General driving observations

Discussion in 'General Discussion' started by BoothJoe, Dec 9, 2015.

  1. BoothJoe

    BoothJoe Registered

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    I watched the Skip Barber video last night and saw a lot of things that I do wrong and the reasons why I suck so bad. But I want to make sure I'm not misunderstanding a couple of things.

    #1. The gearbox is not for slowing down; the brakes are for slowing down. When approaching a corner, you downshift not to scrub off speed but to get to the gear you will need to be in when you exit the corner to give you the maximum acceleration.
    #2. A racecar should be either accelerating or braking. "Freewheeling" by simply letting off the accelerator sacrifices rpms needed for accelerating and also could potentially result in a skid if done suddenly at high speed.

    Now, I know the things above aren't true all of the time, but are they generally true? If so, they really change the way I look at driving on a track.
     
  2. ErnieDaOage

    ErnieDaOage Registered

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    The perfect way around a corner would be that you brake in a consistent way to the apex and as soon as you hit the apex you start accelerating out of the corner so yes you are either on the brakes or on the accelerator. If you hit the apex with 100mph and you are on 130 on the exit of the corner you should use a gear where you are shifting when you are back in a straight line. Its not good when you hit the apex and suddenly you have to make a gear change on 115mph and you are still in the turn on your way to the exit. So basically its true all of the time. You can still lift to loose some speed like you have a turn where the perfect apex speed is 120 and the gear you are in goes from 100 to 150mph for example, and you are approaching the turn with 130 you can try to lift to get through the turn or you can try to break a little bit. Depends on driving style and setup.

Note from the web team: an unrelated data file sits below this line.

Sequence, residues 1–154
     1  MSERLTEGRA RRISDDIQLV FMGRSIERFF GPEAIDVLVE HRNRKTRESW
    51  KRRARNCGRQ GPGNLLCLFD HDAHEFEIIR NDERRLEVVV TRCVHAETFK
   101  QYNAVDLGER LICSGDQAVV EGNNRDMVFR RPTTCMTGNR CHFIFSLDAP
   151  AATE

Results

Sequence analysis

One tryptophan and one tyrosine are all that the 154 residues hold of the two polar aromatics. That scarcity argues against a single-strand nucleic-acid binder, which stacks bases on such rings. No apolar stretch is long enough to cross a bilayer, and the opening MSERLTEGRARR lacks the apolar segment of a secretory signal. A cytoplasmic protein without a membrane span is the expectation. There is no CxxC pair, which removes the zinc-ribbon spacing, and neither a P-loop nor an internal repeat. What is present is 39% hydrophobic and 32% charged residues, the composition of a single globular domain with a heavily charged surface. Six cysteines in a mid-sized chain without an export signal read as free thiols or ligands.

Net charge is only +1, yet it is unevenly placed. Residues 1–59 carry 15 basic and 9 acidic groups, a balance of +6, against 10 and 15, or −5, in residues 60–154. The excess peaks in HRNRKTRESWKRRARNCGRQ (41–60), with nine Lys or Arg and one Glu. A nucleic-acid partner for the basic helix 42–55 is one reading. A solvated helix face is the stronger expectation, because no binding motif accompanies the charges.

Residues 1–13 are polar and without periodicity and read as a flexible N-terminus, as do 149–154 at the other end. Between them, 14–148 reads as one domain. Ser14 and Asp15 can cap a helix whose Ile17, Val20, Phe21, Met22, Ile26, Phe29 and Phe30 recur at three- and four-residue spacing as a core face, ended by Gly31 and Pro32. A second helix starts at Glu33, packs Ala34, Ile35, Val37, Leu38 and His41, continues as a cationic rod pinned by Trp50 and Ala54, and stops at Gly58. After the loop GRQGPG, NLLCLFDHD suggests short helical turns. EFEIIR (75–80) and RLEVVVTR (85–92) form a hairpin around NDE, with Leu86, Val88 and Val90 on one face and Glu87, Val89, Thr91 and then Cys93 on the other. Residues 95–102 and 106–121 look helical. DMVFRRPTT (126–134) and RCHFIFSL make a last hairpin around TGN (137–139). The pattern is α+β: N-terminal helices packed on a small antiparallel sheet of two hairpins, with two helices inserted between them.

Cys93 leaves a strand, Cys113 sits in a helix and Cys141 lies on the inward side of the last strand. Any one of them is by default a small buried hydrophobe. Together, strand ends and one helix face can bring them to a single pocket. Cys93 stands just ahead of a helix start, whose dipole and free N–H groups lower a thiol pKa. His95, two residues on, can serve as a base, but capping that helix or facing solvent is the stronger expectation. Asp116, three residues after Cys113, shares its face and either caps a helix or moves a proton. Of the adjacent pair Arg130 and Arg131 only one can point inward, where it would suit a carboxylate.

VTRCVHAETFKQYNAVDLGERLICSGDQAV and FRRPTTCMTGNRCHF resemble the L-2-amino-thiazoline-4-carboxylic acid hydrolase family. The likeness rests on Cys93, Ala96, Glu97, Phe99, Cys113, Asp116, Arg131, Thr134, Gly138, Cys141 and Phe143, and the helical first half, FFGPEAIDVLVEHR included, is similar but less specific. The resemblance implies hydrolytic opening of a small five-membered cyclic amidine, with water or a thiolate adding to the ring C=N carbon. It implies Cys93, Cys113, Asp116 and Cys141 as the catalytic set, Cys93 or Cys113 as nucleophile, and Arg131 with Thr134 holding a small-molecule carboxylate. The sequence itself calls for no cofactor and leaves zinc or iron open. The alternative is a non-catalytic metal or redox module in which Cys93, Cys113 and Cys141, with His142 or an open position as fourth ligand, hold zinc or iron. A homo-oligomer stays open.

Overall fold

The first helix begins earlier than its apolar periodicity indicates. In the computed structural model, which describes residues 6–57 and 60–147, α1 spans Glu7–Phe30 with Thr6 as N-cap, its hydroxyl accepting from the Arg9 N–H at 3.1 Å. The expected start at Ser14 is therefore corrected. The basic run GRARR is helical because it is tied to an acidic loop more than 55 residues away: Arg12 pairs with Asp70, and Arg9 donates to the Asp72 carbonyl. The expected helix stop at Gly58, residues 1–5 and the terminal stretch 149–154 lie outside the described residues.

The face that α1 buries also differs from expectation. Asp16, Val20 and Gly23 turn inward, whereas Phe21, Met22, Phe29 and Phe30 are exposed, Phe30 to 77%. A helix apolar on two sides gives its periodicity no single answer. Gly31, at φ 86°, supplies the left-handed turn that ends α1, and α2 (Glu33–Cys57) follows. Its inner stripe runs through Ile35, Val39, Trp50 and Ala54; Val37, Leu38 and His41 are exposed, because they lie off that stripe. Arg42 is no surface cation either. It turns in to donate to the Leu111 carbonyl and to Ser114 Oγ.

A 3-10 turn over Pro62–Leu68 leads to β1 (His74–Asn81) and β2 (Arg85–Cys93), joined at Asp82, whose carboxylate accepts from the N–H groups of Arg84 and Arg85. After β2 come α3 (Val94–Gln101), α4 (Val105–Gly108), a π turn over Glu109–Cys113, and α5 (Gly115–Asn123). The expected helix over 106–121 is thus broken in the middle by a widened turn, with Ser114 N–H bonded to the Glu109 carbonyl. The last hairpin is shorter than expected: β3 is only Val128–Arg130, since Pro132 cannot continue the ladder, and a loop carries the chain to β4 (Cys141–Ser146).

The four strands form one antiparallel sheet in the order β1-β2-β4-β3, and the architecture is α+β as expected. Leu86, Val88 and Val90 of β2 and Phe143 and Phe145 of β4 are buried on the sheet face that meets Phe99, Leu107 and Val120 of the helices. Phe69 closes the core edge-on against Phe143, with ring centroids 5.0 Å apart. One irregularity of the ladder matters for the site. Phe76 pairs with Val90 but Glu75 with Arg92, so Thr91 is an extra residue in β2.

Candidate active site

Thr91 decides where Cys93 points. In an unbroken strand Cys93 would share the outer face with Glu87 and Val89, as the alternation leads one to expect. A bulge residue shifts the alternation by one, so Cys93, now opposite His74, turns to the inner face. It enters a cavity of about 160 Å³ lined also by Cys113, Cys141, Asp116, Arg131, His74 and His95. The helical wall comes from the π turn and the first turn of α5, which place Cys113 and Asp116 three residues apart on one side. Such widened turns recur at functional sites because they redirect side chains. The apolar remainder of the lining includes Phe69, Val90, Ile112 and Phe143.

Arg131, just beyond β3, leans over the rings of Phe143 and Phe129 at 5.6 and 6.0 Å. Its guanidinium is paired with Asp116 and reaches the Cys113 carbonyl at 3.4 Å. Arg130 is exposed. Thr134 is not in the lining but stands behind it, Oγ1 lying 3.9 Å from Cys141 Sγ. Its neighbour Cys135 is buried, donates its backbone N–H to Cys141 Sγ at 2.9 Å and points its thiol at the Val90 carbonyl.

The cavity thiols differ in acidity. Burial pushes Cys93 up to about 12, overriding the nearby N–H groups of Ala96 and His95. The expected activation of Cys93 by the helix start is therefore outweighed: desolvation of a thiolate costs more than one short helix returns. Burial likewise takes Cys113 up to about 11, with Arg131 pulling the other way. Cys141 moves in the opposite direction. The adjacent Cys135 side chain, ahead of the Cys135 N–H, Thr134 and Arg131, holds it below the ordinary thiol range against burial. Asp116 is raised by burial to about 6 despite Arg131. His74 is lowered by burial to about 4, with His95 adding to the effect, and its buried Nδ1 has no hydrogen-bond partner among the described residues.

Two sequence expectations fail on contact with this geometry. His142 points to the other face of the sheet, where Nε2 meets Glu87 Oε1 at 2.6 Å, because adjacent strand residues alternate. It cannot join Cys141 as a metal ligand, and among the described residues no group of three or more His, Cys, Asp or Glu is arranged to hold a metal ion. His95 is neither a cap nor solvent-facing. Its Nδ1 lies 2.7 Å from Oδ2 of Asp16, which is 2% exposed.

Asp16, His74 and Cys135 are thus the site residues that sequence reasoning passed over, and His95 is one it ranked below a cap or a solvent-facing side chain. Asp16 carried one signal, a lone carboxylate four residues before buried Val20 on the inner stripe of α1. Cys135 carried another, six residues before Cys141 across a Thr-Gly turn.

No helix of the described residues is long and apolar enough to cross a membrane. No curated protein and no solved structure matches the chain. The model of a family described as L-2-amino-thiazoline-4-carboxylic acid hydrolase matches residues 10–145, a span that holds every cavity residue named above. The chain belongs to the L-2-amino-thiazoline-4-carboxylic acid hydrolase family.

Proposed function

3. Spinelli

    Spinelli Banned

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    Yes. Downshifting is to get your car in the correct gear in order to accelerate out of the corner. There is some engine braking helping but theoreticall speaking, you should be braking to the absolute limit of the tyres and therefore there should be no grip left to increase your braking performance anymore but that is in a simplistic and perfect world.